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    LIV Golf rebels allowed to play in British Open

    LONDON (AFP) – Players who have signed up to the breakaway Saudi-backed LIV Golf series will be allowed to compete in next month’s 150th British Open, organisers the R&A announced yesterday.

    The United States (US) PGA Tour has banned those involved in the rebel venture after the inaugural event in Britain earlier this month but organisers of last week’s US Open did not follow suit.

    That stance will be followed at the year’s final major, which starts at St Andrews in Scotland on July 14.

    “The Open is golf’s original championship and since it was first played in 1860, openness has been fundamental to its ethos and unique appeal,” said R&A chief executive Martin Slumbers.

    “Players who are exempt or have earned a place through qualifying for the 150th Open in accordance with the entry terms and conditions will be able to compete in the championship at St Andrews.

    “We are focussed on staging a world-class championship in July and celebrating this truly historic occasion for golf.”

    Four-time major champion Brooks Koepka is the latest big-name player to defect to the LIV Golf circuit, along with Mexico’s Abraham Ancer, the world number 20.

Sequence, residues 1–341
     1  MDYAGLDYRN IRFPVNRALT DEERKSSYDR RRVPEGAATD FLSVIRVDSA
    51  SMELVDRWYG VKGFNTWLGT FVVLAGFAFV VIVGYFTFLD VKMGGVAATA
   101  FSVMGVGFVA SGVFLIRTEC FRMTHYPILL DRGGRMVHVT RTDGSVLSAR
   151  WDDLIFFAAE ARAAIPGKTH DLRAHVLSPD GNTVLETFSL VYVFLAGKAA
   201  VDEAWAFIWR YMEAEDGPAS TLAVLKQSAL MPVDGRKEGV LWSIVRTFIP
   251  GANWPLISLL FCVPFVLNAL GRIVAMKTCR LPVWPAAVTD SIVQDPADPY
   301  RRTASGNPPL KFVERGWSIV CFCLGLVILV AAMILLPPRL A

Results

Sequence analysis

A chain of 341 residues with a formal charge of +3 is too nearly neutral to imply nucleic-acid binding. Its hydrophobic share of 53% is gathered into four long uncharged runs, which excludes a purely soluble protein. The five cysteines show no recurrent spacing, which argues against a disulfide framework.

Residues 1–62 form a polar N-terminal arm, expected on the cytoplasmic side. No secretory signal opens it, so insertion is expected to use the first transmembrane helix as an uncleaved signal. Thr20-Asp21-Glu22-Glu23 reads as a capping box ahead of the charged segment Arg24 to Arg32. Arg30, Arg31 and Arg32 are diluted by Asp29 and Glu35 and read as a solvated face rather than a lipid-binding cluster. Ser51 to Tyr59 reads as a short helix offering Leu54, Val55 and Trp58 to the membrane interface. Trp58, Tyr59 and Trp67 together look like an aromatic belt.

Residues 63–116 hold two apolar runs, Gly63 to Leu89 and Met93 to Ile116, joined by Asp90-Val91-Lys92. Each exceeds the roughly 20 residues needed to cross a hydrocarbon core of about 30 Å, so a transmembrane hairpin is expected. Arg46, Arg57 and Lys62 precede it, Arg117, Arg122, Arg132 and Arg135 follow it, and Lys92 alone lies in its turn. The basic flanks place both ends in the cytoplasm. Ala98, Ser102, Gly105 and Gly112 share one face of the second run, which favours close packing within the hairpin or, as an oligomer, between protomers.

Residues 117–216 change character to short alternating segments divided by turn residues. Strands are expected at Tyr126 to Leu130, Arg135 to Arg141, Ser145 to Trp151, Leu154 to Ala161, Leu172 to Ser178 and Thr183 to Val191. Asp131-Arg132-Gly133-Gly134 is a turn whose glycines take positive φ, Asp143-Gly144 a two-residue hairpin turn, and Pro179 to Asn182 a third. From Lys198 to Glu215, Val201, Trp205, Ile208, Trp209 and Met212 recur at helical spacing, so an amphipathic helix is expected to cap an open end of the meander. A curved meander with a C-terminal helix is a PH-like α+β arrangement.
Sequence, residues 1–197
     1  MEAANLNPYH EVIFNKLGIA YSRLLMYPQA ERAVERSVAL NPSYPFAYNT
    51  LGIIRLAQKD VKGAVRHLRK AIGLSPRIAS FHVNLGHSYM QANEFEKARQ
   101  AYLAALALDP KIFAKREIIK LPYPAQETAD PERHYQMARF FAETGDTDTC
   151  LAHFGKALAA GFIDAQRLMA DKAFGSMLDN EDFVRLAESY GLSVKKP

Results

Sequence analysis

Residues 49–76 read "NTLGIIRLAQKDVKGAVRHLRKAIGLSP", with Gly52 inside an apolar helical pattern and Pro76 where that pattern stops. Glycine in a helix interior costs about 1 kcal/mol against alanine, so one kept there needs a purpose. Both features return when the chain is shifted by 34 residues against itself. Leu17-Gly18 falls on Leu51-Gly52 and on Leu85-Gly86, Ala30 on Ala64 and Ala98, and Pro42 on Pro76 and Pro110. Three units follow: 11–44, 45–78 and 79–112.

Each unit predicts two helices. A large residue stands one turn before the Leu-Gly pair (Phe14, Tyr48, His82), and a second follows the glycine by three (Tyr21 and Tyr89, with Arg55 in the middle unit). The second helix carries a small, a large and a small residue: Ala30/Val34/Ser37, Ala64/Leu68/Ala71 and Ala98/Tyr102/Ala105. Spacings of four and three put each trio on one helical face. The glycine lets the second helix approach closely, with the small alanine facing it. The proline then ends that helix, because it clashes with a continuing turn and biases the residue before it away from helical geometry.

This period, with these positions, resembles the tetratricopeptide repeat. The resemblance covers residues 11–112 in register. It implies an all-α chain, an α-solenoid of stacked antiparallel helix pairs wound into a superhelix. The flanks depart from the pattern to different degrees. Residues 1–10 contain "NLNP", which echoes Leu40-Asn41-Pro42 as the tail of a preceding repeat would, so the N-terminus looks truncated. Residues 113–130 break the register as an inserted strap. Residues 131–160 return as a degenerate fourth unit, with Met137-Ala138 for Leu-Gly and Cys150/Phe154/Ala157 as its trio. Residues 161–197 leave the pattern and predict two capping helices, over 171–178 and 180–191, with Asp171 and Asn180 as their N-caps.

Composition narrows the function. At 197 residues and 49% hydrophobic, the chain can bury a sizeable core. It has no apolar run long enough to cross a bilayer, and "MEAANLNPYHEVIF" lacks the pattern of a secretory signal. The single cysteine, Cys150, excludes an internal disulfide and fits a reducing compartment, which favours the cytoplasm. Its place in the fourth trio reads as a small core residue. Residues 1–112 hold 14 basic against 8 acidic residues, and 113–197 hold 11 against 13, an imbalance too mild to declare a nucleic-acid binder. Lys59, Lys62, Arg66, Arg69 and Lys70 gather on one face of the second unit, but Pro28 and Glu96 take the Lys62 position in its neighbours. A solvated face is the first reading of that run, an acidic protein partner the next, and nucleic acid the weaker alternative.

Koepka, 32, is expected to make his debut on the money-spinning circuit at its maiden US event in Oregon next week. Koepka’s management team did not immediately respond when contacted by AFP on Tuesday.

    The American, who has removed “PGA Tour” from his Twitter profile, will follow a clutch of stars including Dustin Johnson and six-time major-winner Phil Mickelson by joining LIV.

    The PGA Tour has adopted a zero-tolerance stance towards the series, with PGA Tour commissioner Jay Monahan suspending 17 former or current tour players for making the switch after the start of the inaugural event near London.

    He made it clear that other golfers who signed up would suffer a similar fate.

    Reports on Tuesday said the PGA Tour was planning to revamp its schedule with a series of lucrative new tournaments – the clearest indicator yet of a strategy to combat the rise of LIV Golf.

    Monahan is understood to have explained proposed changes to the schedule at a packed meeting of players ahead of this week’s Travelers Championship in Connecticut.

    Plans outlined by Monahan include boosting purses to at least USD20 million in eight existing marquee tournaments and the introduction of three new USD25 million tournaments that would feature no cuts and limited fields.

    The schedule overhaul could be in place by the 2023 season.

    LIV Golf has steadily been luring star names to sign with the upstart circuit that offers USD25 million in prize money for each of its 54-hole tournaments.

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